Over the last two decades of writing weekly articles for the Port News on where the fish are (and aren't) biting, Jason Isaac has also seen the attitudes of those in the fishing game change.
It's why he is confident the future of fishing is bright in the region as the next generation continue to make an impression and wet their lines.
"A lot of the kids are now environmentally conscious; they're into catch and release rather than just taking everything they're entitled to," he said.
"There's been a real shift towards sustainability and it's coming out in the younger generation which is good to see for the future."
While the older fellas are still wetting their lines regularly, they're also providing plenty of knowledge for young anglers - both male and female alike.
Isaac acknowledged these young anglers are now using that knowledge to make up their own minds on what to do with the fish when they catch them.
"While people still catch fish for the table of course, there's a big emphasis on catch and release and looking after the stocks of the future, so I think the industry is going to be in good hands going forward," he said.
"The younger generation get a lot of media attention around sustainability whether it be natural resources, fish, gas, oil or whatever.
"It flows on from that and it's pleasing to see future generations are going to be a little more focused on ensuring the fishing is going to be the same for generations ahead as what it is now."
The Ned Kelly Bait and Tackle shop owner "would like to think" he has played a part in generating awareness and interest in making fishing popular over the years.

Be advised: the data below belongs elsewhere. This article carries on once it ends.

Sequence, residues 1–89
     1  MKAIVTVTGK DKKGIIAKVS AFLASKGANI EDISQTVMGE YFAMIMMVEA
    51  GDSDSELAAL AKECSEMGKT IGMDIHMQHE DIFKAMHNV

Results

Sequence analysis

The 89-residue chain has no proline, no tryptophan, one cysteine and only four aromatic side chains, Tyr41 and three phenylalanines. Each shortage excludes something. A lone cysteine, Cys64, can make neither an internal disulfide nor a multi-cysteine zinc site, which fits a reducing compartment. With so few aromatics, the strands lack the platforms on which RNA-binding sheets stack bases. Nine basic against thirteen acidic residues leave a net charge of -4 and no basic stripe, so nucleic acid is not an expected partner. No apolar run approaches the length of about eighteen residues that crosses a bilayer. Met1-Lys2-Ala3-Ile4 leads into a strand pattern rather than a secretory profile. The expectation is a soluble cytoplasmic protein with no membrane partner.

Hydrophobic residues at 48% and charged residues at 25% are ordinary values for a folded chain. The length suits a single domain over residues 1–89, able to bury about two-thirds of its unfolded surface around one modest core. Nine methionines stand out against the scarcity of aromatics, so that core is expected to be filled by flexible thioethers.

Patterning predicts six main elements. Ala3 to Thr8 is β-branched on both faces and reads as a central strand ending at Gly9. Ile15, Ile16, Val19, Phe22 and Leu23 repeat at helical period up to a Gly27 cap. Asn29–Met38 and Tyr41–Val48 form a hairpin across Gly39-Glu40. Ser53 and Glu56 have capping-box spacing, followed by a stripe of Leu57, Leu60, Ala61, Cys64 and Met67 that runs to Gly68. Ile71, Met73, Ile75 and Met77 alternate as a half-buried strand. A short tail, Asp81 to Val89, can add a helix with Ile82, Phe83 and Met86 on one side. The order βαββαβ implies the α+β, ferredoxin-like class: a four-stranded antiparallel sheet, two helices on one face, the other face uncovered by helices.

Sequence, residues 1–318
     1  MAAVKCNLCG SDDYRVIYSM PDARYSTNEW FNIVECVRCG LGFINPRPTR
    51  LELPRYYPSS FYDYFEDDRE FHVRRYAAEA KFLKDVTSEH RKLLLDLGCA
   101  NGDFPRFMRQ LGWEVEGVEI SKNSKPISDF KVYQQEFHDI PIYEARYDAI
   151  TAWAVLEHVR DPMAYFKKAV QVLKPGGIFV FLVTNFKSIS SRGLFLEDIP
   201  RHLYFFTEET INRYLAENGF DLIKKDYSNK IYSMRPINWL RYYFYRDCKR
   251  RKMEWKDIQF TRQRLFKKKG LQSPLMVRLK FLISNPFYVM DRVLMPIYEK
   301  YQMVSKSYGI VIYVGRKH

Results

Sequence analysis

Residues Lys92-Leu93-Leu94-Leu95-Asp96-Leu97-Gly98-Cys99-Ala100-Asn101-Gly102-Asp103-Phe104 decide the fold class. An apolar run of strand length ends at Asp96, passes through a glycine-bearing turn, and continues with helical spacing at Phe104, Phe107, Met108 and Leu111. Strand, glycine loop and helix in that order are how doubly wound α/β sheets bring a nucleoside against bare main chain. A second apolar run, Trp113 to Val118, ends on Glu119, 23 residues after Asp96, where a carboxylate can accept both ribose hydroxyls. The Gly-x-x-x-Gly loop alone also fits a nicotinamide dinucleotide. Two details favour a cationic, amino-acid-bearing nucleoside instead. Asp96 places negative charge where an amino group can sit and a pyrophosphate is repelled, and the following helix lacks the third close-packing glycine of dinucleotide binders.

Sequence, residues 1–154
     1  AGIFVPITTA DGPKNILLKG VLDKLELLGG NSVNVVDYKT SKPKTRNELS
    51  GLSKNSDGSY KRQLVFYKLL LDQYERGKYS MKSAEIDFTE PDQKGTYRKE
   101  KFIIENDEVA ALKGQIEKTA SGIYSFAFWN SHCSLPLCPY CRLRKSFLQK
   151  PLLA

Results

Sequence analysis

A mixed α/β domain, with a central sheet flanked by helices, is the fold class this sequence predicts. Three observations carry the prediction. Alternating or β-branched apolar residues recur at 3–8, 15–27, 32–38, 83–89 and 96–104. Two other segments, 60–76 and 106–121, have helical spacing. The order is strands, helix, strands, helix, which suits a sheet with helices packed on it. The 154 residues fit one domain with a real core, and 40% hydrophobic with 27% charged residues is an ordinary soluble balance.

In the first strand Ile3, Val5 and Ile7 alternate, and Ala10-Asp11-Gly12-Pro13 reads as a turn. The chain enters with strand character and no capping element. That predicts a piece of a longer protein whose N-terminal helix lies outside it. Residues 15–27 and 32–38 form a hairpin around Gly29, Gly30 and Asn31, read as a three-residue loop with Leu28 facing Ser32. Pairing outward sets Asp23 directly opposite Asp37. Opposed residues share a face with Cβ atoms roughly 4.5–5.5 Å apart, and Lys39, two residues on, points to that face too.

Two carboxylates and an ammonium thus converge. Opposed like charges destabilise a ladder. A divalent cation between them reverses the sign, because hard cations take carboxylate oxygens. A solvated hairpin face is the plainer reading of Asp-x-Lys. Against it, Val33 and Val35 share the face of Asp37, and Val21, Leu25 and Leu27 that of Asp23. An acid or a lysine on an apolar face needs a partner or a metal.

"That's what differentiates us here a little bit from your standard shops," he said.
"We take a bit of care and pride with our customers and a lot of it is educational rather than just selling. We teach them about the gear, how to use it, what to do and it pays dividends."
The Port Macquarie fishing tragic said some of his highlights over the past 21 years had been seeing members of some families come into the shop in nappies.
They had then grown into keen fishermen.
"You watch them grow up, learn, perfect their skills, come in tune with the industry and now they've got kids of their own to pass that onto as well. Hopefully we've played a bit of a part in that so we're teaching and guiding them as they go along,"
One of those people that he had seen grow up from being in nappies is Kate Shelton who will take over his weekly column from next Friday.
"My family has been heavily involved in the maritime industry and it's really been a passion of mine and I'd like to continue that on for some time," she said.
"I think I want to explore some of the local fishing techniques.
"[Recreational] fishing in the Port Macquarie and Mid North Coast area has been going on for some time and there's a lot of history in that and I'd like to learn about the different fishing techniques and spread that on to everyone else."
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